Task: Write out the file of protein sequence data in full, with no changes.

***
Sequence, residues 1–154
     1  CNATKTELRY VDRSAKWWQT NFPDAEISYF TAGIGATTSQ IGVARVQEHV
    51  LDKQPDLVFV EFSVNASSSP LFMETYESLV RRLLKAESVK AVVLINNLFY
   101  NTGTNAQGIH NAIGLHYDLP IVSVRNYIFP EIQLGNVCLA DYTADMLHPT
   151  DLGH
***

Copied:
Sequence, residues 1–154
     1  CNATKTELRY VDRSAKWWQT NFPDAEISYF TAGIGATTSQ IGVARVQEHV
    51  LDKQPDLVFV EFSVNASSSP LFMETYESLV RRLLKAESVK AVVLINNLFY
   101  NTGTNAQGIH NAIGLHYDLP IVSVRNYIFP EIQLGNVCLA DYTADMLHPT
   151  DLGH